Sarah Jane Humke

The life of a traveling, reading, writing, spining and knitting shepherdess.

When I was in my early 20’s, my mother made a joke about the fact that my dog, Micheal, was the best form of birth control* she could have ever wished upon me.  It was probably closer to the mark than even she realized at the time.  I mean, think about it.  I was already working full-time plus (averaging around 60 hours a week for YEARS) and having a dog, well, having a dog settled me in so many ways.  I bought a house because I had trouble finding a decent place that would allow pets.  This house came complete with super nosey older neighbors (so not a lot of “sleepovers” if-you-know-what-I-mean).  No partying all night for me, he needed to go out to pee pretty regularly.  However, Micheal’s biggest claim to birth-control status was his ability to act like an obnoxious teenager at the absolute worst possible times.  His favorite trick (and only trick outside of sitting) was to check every single square inch of the fence to find weak points, which he would then push and push at until he was able to escape.  This is a very annoying trick, sort of like the teenager that escapes out the bedroom window in the middle of the night.  He would then run around the neighborhood getting into trouble.  Pretty much everybody within a 6 or 7 block radius knew both of us, usually because I’d wave at them as I chased Micheal through their backyards cursing him out in every language that I knew.

Micheal pulled some pretty cute stunts in his time.  Once, he snuck into a neighbor’s house via their dog door.  I knocked on the front door to ask them if I could come in and get my dog and they said, “we don’t have your dog!” while Micheal wagged his tail right behind them.

However, most of the time it was a lot less cute and a whole lot more annoying.  Many times I chased him around the neighborhood for hours in the dark only to give up to go to bed exhausted at midnight and he would start barking and howling in the middle of the street right outside my house.  This is sort of a doggie equivalent for getting a call in the middle of the night from the cops that your kid was found drunk at a party outside of town.  If this is how much trouble and expense a DOG is, then I wanted nothing to do with a baby.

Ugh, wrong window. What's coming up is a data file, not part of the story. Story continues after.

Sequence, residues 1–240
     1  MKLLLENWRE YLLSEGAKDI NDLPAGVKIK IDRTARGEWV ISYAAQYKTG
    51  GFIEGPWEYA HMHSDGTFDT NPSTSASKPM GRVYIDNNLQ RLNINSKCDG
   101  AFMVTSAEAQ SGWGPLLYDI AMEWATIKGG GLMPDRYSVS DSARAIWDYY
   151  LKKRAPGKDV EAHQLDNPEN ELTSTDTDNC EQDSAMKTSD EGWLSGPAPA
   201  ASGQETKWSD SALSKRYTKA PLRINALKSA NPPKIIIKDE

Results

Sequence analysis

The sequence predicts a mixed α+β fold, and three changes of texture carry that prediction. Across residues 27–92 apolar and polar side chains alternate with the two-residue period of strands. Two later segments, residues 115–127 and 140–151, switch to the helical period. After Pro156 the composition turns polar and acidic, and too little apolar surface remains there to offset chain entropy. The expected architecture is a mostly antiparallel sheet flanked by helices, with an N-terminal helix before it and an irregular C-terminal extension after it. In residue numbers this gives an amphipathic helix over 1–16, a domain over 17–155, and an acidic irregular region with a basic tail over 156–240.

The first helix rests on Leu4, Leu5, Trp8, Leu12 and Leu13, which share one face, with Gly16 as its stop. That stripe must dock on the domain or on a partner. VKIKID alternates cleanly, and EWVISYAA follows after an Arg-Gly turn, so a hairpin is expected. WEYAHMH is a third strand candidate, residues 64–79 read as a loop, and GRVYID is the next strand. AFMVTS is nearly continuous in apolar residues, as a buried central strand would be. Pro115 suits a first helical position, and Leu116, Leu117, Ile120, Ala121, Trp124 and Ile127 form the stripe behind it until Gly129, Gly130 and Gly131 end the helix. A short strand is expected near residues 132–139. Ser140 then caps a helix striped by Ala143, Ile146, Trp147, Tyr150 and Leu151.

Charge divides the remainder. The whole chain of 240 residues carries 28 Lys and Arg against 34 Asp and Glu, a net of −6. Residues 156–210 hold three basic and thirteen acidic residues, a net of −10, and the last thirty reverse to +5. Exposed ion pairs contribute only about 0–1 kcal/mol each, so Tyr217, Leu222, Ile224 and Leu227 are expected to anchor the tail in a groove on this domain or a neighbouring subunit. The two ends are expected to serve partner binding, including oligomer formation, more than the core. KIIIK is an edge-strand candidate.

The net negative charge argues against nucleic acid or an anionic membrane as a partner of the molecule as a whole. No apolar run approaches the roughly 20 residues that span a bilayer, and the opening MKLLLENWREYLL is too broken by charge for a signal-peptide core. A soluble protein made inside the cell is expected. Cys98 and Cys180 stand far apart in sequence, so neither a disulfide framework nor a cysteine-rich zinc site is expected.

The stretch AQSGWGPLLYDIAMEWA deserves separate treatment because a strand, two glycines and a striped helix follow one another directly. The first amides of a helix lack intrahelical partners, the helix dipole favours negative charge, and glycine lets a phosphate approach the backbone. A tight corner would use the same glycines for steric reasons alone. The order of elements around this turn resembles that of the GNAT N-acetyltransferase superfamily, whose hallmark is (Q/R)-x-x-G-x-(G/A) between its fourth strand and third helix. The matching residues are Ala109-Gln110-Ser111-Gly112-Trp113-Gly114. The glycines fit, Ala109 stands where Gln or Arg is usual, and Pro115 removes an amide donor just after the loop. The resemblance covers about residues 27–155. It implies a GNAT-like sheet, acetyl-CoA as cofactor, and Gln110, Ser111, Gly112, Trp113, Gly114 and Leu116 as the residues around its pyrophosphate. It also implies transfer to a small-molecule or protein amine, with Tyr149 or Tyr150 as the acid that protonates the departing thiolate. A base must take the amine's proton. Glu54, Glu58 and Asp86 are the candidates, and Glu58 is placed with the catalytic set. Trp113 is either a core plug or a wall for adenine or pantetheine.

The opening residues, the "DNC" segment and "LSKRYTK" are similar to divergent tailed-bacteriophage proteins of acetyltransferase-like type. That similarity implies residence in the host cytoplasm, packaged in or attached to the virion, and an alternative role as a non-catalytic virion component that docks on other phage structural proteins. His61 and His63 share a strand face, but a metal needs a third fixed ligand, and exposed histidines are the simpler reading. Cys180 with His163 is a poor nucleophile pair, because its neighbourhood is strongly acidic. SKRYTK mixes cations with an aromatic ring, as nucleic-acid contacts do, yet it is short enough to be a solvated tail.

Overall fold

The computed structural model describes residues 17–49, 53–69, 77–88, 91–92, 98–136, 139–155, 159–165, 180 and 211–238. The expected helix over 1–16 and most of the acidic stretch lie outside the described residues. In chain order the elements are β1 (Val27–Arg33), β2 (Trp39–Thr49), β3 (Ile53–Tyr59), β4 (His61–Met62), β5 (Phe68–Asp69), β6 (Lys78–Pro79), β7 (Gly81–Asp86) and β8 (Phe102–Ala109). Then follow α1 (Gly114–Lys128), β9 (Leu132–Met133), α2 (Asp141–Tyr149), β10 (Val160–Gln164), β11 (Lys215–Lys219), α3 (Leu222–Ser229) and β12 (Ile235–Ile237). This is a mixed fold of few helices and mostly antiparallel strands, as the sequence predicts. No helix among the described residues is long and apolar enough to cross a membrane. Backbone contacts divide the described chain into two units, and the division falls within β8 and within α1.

Today I had a very bad walk with the dogs.  Meara found some seriously nasty poo to roll in and when I threw her in the ditch to rinse her off (as I usually do when she rolls in poo) she swam to the other side and wouldn’t swim back.  When she finally did after much cajoling, she promptly ran away from me like I was the devil, making me feel like shit.  Then Malcolm did a very bad thing which I won’t elaborate on (he didn’t hurt a sheep) but by the end of it I was nearly crying and out of breath and so angry and screaming that he went to the other person on the walk as he was scared by me.

I came home, still very, very upset and one of my first thoughts was, “I would make a terrible mother.”

My next thought was, “Ohshutthefuckupwiththatlineofthought he’s a dog!!!“.

I don’t know why I, so often, find myself extrapolating experiences out and finding fault with my ability to mother children that I do not have. I mean, I know people who have the best behaved dogs on the planet that I would never in a million years want to have children (and visa versa, but that’s another story altogether!).  A friend of mine once told me that kids were, in some ways, a little easier than dogs (she had 4 kids and 4 dogs).  Eventually, the kids grew-up, but dogs stop at around 3 years old (when compared to children).  You cannot reason with a dog like you can with an older child.  Dogs do not have an extremely good sense of cause and effect (except, for some reason, when treats are involved, then they become bloody geniuses!).  Dogs are centuries of breeding for specific tasks (usually some sort of hunting or herding) and we anthropomorphize them into becoming substitute humans.  They are animals with their own agendas, not always in sync with ours, and usually fueled by instincts that they can no more control than we can control our need for oxygen.

Still. Pretty decent birth control if I say so myself.  Having pets has made me think, perhaps more than I should, about the level of responsibility that comes along with being fully accountable for another life.  And dealing with the messes that that other life can create.

*Micheal would also kick all men who entered the house in the nads as a way of greeting.  This is also a pretty effective birth control come to think of it!

One thought on “The best kind of birth control

  1. tini says:

    Actually I think, that having pets is a lot easier. I don’t think, that I would leave my kids in the care of our 13 yr. old neighbour to go on a 2 week long trip. And our pets seem a lot less destructive (the twins are getting more mobile….) OTOH the cats just don’t smile at you the way a baby does….

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